It’s part of the initiation to becoming a new parent.
Some of us may hate it, some of us may be indifferent to it and maybe some of us even enjoy it?!
I’m talking about changing nappies!
When I am speaking with parents on the breastfeeding helpline or at private lactation consultancy visits, it usually ends up being the father or other support person (not the mother) who gives me the information about what they’ve been seeing in their baby’s nappies.
Why is this so?
Baby Poo Facts For Parents
So, dads and other support people, make sure you read these 11 facts below so you can get the scoop about poop!
#1: Your Baby’s First Poo Is Called Meconium
The first poo a baby does is black and sticky. This is called meconium and is present inside a baby’s gut before they are born.
Your baby should have at least one poo on day one and two. By day two, your baby’s poo should be softer, but still dark in colour.
#2: Pinkish Stains In Your Baby’s Nappy Is Normal — At First
Over the first few days, uric acid crystals in your baby’s wee may leave a rusty, pinkish, orange-red stain on the nappy.
This is normal during the first few days but if you see this after day 4, contact a health professional.
#3: By Day Three, Baby Poo Should Be Lighter In Colour
By day three, babies should be doing poo that is lighter in colour (e.g. green).
If your baby still has black poos by day three, consult a health professional.
#4: Around Day Five, Baby Poo Should Be Mustard-Yellow
By around day five, your baby’s poos should be a mustard-yellow colour (or a very light green or orange colour).
As the colour of the poo gets lighter they become runnier in consistency and larger in amount.
#5: Your Baby Should Have One More Wet Nappy Each Day For The First Five Days
For the first five days, a baby will have at least as many wet nappies as the number of days old they are. For example, at least 1 wet nappy on day 1, at least 2 wet nappies on day 2 and so on.
#6: Your Baby Should Have Five Very Wet Disposable Nappies From Day Five
From day five onwards, a baby should have at least five very wet disposable nappies every 24 hours, or at least 6-8 very wet cloth nappies every 24 hours.
The wee should be pale in colour and non-offensive smelling.
#7: Your Baby Should Have At Least Three Yellow-Mustardy Poos By Day Five
From around day five onwards, a baby should do at least three poos every day. Many breastfed babies will do many more than this!
Breastfed baby poo is commonly yellow-mustardy in colour, seedy, and runny.
Formula fed babies tend to poo less often and have poos that are brown, thicker and smell quite different.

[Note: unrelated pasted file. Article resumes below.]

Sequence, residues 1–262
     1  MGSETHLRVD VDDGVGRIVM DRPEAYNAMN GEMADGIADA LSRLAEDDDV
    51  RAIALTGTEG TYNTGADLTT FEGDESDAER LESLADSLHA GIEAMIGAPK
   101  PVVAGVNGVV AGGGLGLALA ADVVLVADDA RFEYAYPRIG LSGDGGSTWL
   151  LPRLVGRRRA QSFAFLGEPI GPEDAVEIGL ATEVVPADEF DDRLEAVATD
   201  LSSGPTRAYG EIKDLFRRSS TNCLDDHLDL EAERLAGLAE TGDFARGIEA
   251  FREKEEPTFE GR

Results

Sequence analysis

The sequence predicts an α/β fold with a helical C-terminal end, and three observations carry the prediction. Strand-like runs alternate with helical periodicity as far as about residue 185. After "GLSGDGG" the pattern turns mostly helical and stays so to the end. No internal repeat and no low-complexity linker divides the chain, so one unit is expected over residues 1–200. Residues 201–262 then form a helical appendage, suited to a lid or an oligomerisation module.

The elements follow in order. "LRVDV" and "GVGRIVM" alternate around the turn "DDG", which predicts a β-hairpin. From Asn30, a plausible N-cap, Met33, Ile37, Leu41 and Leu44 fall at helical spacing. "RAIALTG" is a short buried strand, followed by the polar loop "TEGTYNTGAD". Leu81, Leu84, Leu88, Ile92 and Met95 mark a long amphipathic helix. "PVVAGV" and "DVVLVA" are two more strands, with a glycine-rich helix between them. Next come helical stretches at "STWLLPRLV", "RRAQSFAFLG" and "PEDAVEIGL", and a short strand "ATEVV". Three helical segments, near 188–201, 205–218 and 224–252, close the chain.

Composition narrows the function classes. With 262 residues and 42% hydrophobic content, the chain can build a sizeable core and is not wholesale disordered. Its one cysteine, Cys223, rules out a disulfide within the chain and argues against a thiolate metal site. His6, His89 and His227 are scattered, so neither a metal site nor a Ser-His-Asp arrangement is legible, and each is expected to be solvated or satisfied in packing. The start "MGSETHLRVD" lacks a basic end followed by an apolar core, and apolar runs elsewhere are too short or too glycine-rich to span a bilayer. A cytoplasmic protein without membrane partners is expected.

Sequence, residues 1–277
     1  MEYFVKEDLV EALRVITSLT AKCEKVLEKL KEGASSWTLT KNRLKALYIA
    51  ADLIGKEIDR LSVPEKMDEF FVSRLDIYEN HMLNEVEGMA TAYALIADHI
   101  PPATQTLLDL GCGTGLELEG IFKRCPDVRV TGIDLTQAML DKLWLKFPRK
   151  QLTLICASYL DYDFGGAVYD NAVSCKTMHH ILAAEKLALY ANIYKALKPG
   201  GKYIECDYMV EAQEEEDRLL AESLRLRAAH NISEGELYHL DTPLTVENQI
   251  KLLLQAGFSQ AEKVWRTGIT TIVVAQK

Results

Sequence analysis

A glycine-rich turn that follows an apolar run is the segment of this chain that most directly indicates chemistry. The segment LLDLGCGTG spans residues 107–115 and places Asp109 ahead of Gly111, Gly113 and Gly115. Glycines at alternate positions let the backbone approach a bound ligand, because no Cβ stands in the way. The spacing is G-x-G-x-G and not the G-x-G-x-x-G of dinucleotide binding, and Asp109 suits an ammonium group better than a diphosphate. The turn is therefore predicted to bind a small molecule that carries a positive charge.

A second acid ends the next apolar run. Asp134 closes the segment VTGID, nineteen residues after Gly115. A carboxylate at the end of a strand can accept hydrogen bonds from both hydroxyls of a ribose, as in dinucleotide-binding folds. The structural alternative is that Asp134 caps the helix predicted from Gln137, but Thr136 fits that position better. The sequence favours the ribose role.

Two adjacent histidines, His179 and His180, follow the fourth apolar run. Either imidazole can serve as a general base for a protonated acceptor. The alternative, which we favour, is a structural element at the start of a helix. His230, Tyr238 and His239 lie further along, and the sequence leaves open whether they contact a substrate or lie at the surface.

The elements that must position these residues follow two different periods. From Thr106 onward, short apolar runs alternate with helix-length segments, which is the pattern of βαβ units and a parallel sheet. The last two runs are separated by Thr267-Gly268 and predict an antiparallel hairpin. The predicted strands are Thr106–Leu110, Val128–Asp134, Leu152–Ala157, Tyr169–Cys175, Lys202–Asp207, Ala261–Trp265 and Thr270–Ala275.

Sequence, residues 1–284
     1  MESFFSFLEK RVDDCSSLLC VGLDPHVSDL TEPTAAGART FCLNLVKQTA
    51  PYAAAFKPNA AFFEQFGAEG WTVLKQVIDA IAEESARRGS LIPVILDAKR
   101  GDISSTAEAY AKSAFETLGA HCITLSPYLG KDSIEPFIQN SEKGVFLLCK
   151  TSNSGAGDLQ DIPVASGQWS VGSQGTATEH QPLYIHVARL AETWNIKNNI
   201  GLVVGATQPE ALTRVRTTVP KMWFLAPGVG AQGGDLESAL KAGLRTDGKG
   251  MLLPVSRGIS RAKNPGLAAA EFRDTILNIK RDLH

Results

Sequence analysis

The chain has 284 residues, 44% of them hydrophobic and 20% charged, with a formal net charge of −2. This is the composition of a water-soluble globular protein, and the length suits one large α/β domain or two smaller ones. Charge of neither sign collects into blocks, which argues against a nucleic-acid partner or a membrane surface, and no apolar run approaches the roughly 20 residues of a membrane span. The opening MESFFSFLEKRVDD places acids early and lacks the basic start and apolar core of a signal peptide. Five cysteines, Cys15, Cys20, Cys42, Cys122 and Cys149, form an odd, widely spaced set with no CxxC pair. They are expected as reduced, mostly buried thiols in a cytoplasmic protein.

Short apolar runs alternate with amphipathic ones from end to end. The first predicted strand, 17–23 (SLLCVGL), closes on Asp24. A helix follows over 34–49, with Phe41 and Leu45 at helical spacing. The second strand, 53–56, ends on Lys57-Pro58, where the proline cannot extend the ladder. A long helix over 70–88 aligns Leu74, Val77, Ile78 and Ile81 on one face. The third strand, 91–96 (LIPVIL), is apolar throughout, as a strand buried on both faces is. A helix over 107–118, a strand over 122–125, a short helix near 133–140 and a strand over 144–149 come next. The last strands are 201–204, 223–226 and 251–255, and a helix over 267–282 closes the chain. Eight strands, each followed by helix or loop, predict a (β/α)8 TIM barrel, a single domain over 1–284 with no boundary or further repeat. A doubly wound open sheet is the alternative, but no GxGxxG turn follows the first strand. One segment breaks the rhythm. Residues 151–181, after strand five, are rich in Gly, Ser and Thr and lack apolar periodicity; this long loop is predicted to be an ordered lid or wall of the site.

#8: Copious Amounts Of Green Frothy Poo May Indicate Oversupply
Sometimes, copious amounts of green frothy poos can indicate that the breastfeeding mother has an oversupply of milk.
If your baby has the following signs speak with an ABA breastfeeding counsellor or a lactation consultant:
- Has many more than 5 very wet disposable nappies, or more than 8 heavy wet cloth nappies, in 24 hours
- Has many poos, often one or more with each breastfeed, which are often explosive, green and frothy; the breastmilk seems to literally ‘go in one end and out the other’
- Is quite unsettled between most breastfeeds; you feel that your baby is very ‘gassy’ or ‘windy’
- Has large weight gains
- Spits up quite a bit of breastmilk after feeds
#9: Your Baby Might Not Poo As Often After About 6 Weeks
After 6 weeks or so, some breastfed babies don’t poo as often. Some may only poo every few days or so.
As long as the poo is runny and there’s a lot of it, there should be no cause for concern.
#10: What About When Solid Food Starts?
When your baby is around six months of age and starts to eat solid food, what you see in her nappy can change quite a bit. The poos tend to become thicker in consistency and can be a range of colours, depending on what your baby eats.
For example, if your baby fancies orange coloured vegetables such as carrot or pumpkin, you may see poos that are bright orange. Or if blueberries are more to your baby’s liking, you may see purple poo! You may also see bits of undigested foods some through, such as corn kernels.
#11: Report The Following Unusual Poos
If you see the following things in your baby’s nappy, be sure to contact your health professional:
- Blood stained poo
- Mucus in the poo
- Black poo (apart from the first couple of days)
- White poo
What To Do If Your Baby Isn’t Having A Poo
If you’re seeing no baby poo, see our article about constipation in babies. Please do not put anything in your baby’s bottle (or on a spoon etc) without medical advice. If you’re breastfeeding, find an IBCLC (International Board Certified Lactation Consultant) in your area, or if you formula feed, see your child’s paediatrician. Here are 7 things you need to avoid adding to your baby’s bottle to fix constipation, colic, wind or anything else.
Why It’s Important To Observe and Monitor Your Baby’s Poo
You may be curious as to why those of us who work with babies are so keen to know about your baby’s poo. The main reason is that it gives us some idea about whether the baby is getting enough milk or not.
Please be aware that wide variation does exist in terms of a baby’s poos. These facts are intended to serve as a general guide only. If you have any questions or concerns about your baby’s health and wellbeing, it is advisable that you consult a health professional such as your GP, child health nurse or lactation consultant.